SAG_Twitter_MEME_Mapping_Jul17.jpgJust like it takes a village to raise a child; designing your customer journey takes the cooperation of nearly the whole company.  

This is especially prevalent with the rise of digital enterprises and pay-as-you-use or bundled product and service revenue models, as the continuous customer journey isn’t only relegated to initial marketing and sales efforts.

Designing the journey is complex. Creating one which manufacturers can understand and support requires a joint effort between marketing, sales, operations and customer services. All parties need to make sure they know how they want the customer to interact, mapping the touchpoints along the way. Then, from awareness to purchase, each touchpoint should be analyzed to see whether your customers are behaving as expected.

There are three key steps to designing the journey:

1. Understanding how you want your customers to engage with you. 

This is just as important as understanding how they want to engage with you. By involving marketing, sales, operations and customer services you can discover how each department wishes to engage with the customer.

2. Designing how you engage with your customers.

Marketing may want to create awareness with an advertising campaign, educating customers through emails or via infographics on social media.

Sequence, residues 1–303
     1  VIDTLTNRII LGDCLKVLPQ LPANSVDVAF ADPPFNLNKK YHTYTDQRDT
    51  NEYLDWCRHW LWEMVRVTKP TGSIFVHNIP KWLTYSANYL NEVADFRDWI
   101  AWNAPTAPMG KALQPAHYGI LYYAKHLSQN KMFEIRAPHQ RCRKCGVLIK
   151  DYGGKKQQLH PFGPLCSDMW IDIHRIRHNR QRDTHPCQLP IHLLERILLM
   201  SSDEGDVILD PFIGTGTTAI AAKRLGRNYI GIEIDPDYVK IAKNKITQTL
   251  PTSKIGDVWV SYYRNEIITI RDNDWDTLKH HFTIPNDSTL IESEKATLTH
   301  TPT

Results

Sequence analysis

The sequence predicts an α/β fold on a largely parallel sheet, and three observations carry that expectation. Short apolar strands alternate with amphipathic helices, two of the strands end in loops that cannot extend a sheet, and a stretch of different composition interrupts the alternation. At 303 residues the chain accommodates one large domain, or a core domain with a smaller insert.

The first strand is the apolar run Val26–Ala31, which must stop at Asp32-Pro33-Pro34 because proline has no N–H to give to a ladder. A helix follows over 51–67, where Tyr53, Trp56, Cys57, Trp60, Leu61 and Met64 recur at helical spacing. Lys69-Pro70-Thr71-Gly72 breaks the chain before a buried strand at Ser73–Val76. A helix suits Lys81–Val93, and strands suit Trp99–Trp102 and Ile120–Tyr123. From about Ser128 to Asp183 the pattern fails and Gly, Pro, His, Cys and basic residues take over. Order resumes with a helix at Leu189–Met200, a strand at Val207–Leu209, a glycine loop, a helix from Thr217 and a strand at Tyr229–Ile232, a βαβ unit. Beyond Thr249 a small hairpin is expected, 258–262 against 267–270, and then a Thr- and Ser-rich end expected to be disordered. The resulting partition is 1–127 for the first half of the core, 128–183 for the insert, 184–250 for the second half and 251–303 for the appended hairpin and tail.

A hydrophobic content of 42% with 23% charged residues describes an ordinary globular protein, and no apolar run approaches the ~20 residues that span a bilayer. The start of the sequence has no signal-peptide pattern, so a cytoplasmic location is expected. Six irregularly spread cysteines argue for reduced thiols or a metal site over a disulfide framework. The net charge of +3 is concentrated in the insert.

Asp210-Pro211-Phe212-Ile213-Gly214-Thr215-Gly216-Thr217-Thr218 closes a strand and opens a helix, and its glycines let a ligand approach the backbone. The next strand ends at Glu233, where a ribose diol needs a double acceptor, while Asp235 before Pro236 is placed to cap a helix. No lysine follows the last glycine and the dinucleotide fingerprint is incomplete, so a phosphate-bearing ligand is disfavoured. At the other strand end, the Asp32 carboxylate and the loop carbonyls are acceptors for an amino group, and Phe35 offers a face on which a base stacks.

Sales could be reaching customers using voice, email, LinkedIn or face-to-face visits.

Operations will want to have ordering and delivery touchpoints included. They will want to ensure the production environment can support the process. Input from operations is necessary to ensure you can deliver what you promise. Do you have the capacity? Don’t create that journey if not. For example, if you want to cross-sell or upsell a particular unit in different colors, does the production environment support it? Henry Ford could not offer the Model T in green, so he didn’t (“You can have any color, as long as it’s black.”).

Customer services may want customers to contact them (and vice versa) in a variety of ways from phone to email. 

3. Analyzing the path.

Mapping the journey is important, but understanding how the journey was actually followed is just as, if not more, important. Understanding how the actual process was followed - from social media to web to sales engagements - is critical to understanding true performance. Is the customer touching the marketing path along the touchpoints you expected? What about timing? If it takes seven weeks from research to purchase and you expected three weeks, what does that tell you?

Compare what you wanted to happen to what actually did happen. Compare this in a consistent and segmented manner, to understand what’s working and what isn’t. And then tweak your map; make this a continuous process.

This understanding will push higher sales and marketing if done correctly, and will promote longer lasting customer loyalty.

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